Renewable energy innovation boosted by £37 million government funding across the UK
Innovative biomass projects across the UK have today been awarded £37 million in funding.
Innovative biomass projects across the UK have been awarded £37 million in funding, as the government drives forward its plan to scale up domestic renewable energy, including from biomass.
Increasing the growth of elephant grass (miscanthus), farming seaweed off the North Yorkshire coast, and increasing the harvesting capacity for willow are among 12 projects receiving a share of £32 million funding under Phase 2 of the Biomass Feedstocks Innovation Programme, which aims to find new ways to increase biomass production in the UK.
Also announced are 22 winners of the first stage of the Hydrogen BECCS programme, with £5 million funding to help develop innovative technologies to produce hydrogen, a clean fuel that emits only water vapour when combusted, from sustainable biomass and waste.
Biomass’ ability to deliver at scale has already been proven, having generated 12.6% of total UK electricity in 2020, forming an important part of our plans to generate more home-grown power and strengthen Britain’s energy security.
Energy Minister, Greg Hands, said “Accelerating home-grown renewables like biomass is a key part of ending our dependency on expensive and volatile fossil fuels.
Backed by the independent Climate Change Committee, biomass will form an important part of the UK’s future renewable energy mix, which will be vital for ensuring the UK’s energy security and reducing reliance on expensive fossil fuels.
Through Phase 2 of the Biomass Feedstocks Innovation Programme, projects will be developed from the design stage, which was supported with £4 million government funding, into full demonstration projects, showcasing new methods to grow sustainable biomass materials.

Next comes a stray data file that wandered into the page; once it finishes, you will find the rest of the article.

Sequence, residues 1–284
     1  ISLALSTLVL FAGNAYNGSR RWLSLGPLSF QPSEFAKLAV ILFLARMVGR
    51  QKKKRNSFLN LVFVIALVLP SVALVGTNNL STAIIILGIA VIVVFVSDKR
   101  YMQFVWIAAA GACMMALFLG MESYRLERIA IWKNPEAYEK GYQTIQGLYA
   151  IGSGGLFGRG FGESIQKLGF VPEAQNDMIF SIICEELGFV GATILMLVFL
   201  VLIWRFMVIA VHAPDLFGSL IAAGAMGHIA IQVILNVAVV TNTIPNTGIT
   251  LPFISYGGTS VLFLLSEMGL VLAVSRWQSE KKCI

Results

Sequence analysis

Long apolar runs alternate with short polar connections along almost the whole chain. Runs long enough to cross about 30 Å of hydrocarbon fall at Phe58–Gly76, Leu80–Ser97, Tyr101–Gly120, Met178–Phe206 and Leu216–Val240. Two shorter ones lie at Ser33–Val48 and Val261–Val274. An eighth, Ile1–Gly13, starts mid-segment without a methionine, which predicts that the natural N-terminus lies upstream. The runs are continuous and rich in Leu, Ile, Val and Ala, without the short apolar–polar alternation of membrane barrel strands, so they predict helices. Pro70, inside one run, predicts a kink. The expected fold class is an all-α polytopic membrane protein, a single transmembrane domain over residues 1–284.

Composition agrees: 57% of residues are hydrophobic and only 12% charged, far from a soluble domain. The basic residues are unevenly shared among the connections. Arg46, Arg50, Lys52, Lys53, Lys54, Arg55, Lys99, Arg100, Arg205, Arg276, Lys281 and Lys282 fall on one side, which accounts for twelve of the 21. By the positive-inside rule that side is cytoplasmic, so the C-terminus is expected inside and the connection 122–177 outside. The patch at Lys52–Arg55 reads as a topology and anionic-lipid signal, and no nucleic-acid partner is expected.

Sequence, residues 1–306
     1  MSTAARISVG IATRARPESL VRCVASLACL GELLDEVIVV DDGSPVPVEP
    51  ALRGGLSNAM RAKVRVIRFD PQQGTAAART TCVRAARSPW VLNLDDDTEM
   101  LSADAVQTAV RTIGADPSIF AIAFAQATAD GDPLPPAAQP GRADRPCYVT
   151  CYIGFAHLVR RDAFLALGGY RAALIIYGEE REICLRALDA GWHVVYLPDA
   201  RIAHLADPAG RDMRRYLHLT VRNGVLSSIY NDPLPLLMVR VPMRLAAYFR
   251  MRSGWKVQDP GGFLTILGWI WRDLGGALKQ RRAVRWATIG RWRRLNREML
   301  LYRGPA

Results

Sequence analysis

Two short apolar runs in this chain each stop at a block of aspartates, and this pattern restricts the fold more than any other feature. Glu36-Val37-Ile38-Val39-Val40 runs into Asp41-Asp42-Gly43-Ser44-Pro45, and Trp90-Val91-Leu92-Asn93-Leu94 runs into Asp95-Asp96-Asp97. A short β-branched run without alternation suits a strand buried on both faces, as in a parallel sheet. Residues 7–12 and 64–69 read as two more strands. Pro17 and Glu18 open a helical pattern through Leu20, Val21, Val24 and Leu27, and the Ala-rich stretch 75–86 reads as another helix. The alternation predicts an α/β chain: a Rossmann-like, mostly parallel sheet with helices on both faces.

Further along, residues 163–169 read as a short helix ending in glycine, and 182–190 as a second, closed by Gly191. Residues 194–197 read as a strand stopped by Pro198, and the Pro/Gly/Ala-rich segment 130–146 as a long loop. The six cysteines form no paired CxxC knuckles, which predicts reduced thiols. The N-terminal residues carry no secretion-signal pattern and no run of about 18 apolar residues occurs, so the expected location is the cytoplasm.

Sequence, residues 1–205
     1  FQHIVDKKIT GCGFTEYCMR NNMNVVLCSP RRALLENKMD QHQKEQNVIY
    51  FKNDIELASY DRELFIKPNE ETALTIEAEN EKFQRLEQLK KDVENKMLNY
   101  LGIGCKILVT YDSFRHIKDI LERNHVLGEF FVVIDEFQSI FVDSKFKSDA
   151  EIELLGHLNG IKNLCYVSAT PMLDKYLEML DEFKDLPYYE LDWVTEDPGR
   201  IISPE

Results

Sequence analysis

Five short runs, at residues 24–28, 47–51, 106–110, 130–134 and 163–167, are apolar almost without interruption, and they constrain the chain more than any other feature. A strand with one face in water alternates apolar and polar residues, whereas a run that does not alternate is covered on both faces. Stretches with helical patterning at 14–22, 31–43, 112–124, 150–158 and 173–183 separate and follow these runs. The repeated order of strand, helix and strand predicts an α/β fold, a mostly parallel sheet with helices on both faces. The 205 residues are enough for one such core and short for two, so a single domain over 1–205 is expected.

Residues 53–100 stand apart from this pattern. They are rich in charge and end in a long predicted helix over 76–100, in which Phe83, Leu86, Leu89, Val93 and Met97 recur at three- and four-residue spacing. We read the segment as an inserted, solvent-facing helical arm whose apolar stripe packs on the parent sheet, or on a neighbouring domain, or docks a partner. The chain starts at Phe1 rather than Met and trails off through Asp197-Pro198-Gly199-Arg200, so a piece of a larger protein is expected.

Today’s winners include:
- Aberystwyth University, Wales, which is receiving over £2 million for their ‘Miscanspeed’ project
- SeaGrown Limited in Scarborough, which is receiving over £2.8 million to develop new techniques to farm and harvest seaweed off the North Yorkshire coast
- Agri-Food and Biosciences Institute in Belfast, which is receiving over £1.5 million for their ‘EnviroCrops’ project
The Hydrogen BECCS Innovation Programme supports the development of technologies to produce hydrogen generated via ‘BECCS’ (bioenergy with carbon capture and storage).
BECCS technology can uniquely offer the ability to remove carbon dioxide from the atmosphere, as the CO2 absorbed during the growth of the sustainable biomass and the organic content found in waste can then be permanently removed from the atmosphere using carbon capture technologies.
This government backing for innovation in biomass production will help support the government’s plans to scale up and accelerate clean, renewable energy in the UK, to protect the UK’s domestic energy security. Supporting trailblazing hydrogen BECCS technology will help further the government’s ambition to see hydrogen as the clean super-fuel of the future, while also encouraging green investment into the UK and supporting the creation of new jobs.
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